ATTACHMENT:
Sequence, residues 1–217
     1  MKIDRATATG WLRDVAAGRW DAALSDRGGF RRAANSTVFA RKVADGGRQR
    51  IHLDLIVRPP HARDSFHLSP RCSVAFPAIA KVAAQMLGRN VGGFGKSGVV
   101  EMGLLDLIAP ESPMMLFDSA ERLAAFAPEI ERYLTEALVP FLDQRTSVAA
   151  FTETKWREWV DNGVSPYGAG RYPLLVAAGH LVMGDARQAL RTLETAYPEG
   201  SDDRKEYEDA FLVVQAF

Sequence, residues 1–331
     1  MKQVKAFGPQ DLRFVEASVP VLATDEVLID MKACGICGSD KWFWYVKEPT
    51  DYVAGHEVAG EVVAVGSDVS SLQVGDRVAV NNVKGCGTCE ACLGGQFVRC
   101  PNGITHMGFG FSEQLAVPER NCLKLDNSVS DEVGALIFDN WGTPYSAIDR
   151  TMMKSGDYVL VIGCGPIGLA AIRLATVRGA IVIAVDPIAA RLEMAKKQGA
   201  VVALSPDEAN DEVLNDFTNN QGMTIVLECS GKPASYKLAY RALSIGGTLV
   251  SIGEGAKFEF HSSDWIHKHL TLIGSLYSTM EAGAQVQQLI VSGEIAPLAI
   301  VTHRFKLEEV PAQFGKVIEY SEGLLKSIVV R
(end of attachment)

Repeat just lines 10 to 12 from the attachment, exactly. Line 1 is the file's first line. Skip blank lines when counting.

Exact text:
   101  PNGITHMGFG FSEQLAVPER NCLKLDNSVS DEVGALIFDN WGTPYSAIDR
   151  TMMKSGDYVL VIGCGPIGLA AIRLATVRGA IVIAVDPIAA RLEMAKKQGA
   201  VVALSPDEAN DEVLNDFTNN QGMTIVLECS GKPASYKLAY RALSIGGTLV